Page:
* Executives cite support for new version of plane
* 787 output on track to rise to 10 a month next year
Nov 26 Boeing Co said on Monday it was
moving ahead with plans for a stretched version of its
fuel-efficient 787 Dreamliner but added that more work is needed
before it obtained company approval for an official launch.
Boeing has said it has been talking with airlines and
leasing companies to define specifications for the 787-10, which
would be the biggest version of the plane built mostly of
composite materials and a powerful rival to the Airbus
"We've got a lot of support all the way through the company
including our board of directors," Larry Loftis, vice president
and general manager of the 787 program, said when speaking of
the 787-10 during an investor call hosted by RBC Capital Markets
"We still have some more work to do before we'd be ready to
launch the program and/or be given authority to launch the
program," Loftis added.
The expected longer, biggest version of the 787 would be
pitched to airlines for long-haul travel.
Loftis said the backlog of 787 orders was currently split at
about 60 percent for the 787-8 model, which can carry 210 to 250
passengers, and 40 percent for the 787-9, a slightly bigger
version that is designed to seat up to 290. Boeing said final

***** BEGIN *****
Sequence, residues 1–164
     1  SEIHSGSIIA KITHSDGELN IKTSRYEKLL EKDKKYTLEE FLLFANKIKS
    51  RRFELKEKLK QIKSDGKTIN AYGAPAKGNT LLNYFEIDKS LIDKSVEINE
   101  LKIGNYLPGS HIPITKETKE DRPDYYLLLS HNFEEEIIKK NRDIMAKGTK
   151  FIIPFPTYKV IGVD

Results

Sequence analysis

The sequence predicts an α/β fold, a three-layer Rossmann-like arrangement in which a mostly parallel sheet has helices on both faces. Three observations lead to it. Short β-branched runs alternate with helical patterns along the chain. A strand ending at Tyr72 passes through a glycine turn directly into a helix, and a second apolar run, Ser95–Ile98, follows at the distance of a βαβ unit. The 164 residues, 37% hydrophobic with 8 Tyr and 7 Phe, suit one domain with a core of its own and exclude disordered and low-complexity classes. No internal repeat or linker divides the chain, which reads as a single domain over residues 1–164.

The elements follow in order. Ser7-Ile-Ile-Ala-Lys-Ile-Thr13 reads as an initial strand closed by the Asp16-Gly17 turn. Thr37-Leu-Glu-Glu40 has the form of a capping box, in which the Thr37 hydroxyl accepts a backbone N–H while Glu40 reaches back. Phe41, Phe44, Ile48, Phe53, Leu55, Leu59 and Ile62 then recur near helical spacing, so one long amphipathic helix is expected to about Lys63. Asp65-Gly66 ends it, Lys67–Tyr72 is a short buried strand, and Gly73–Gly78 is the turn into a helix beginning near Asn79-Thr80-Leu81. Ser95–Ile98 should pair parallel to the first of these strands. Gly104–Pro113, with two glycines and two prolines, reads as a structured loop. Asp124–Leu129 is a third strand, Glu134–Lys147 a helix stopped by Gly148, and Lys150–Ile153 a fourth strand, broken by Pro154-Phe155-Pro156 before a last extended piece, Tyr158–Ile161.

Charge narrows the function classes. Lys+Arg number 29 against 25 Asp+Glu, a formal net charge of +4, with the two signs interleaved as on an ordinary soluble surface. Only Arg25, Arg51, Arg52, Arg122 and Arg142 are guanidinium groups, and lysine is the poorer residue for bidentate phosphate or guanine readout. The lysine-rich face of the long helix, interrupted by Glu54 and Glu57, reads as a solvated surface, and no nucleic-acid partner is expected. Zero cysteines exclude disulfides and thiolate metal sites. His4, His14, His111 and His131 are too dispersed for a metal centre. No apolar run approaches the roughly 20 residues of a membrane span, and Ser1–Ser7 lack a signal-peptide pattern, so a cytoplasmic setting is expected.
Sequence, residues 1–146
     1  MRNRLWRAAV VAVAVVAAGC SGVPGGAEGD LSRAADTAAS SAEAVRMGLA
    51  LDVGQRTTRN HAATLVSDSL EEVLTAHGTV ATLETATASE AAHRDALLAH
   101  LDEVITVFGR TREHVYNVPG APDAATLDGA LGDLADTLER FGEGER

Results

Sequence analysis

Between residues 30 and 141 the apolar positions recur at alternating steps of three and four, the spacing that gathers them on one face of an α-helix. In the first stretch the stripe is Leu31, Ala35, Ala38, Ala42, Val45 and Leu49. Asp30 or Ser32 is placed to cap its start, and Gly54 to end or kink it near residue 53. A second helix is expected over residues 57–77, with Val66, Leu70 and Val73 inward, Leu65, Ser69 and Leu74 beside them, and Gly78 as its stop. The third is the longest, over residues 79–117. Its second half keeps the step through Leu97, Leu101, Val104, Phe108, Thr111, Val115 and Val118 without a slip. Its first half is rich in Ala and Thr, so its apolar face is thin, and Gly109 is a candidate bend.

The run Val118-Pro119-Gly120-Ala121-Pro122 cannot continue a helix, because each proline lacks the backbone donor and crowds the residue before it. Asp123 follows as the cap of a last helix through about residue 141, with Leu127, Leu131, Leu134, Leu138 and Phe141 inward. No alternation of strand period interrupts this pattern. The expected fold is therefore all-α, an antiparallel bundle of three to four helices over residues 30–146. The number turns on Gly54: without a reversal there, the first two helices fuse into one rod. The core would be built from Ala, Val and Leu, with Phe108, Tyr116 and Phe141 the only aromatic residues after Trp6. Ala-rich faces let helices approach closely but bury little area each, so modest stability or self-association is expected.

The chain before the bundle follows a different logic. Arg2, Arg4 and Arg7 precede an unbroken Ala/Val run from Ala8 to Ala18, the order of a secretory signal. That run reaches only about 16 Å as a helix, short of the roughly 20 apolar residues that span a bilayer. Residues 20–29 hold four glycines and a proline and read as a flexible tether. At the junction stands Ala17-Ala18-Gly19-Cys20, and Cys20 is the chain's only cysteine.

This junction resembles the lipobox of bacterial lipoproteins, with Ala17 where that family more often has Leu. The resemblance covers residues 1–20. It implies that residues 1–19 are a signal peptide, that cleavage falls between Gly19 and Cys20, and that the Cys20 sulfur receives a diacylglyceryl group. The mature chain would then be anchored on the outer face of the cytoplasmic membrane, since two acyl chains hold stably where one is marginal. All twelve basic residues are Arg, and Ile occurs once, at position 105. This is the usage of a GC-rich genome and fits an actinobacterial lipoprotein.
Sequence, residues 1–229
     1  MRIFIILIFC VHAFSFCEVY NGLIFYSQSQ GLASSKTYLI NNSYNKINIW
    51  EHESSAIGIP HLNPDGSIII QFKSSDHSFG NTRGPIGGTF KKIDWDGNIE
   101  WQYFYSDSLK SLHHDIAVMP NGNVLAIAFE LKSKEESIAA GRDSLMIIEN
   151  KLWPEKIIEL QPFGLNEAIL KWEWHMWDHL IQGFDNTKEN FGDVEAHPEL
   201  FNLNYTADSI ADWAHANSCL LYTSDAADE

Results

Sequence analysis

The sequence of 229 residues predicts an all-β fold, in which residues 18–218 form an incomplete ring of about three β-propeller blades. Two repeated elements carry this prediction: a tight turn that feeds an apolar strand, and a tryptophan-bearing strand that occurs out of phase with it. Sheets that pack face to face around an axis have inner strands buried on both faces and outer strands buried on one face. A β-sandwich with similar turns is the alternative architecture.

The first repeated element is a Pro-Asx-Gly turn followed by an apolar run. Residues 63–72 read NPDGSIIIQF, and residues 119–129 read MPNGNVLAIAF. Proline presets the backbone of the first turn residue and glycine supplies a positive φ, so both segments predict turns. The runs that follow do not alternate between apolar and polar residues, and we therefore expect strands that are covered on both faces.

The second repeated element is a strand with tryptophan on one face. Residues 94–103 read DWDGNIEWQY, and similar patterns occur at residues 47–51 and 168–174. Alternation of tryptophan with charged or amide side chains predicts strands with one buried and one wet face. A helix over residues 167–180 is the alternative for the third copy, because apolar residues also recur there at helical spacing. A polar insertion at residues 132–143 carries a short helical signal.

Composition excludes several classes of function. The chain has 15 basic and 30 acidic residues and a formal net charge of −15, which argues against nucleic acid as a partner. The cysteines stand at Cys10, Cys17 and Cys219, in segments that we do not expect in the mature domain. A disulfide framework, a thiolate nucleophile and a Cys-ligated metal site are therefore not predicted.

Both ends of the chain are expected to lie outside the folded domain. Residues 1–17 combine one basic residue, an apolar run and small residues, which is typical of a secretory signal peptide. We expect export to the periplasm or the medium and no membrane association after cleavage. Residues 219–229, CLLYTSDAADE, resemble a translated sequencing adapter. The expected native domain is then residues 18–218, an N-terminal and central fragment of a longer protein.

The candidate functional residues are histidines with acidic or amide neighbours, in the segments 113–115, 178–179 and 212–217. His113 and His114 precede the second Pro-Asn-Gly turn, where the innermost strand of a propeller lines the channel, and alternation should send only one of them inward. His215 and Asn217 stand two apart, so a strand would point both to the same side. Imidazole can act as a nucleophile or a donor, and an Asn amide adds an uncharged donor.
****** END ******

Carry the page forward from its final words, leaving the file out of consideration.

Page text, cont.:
assembly of the 787-9 version would likely start in late spring
or early summer next year, with first delivery seen in early
"Clearly our customers have told us ... that they would
prefer us to focus on fuel-burn economics versus extending
range" should the company launch a 787-10 version, Loftis said.
He said the stretch plane, should it be rolled out, would likely
enter service toward the back end of this decade.
Boeing said it was still looking to raise 787 production
rates to 10 a month by the end of 2013. Pat Shanahan, Boeing
senior vice president for airplane programs, said a rate of
seven a month would likely be reached in mid-2013. The company
in November reached a five-per-month production rate for the
787, which is built in Washington state and South Carolina.
Shares of Boeing closed up 0.7 percent at $74.27 on Monday.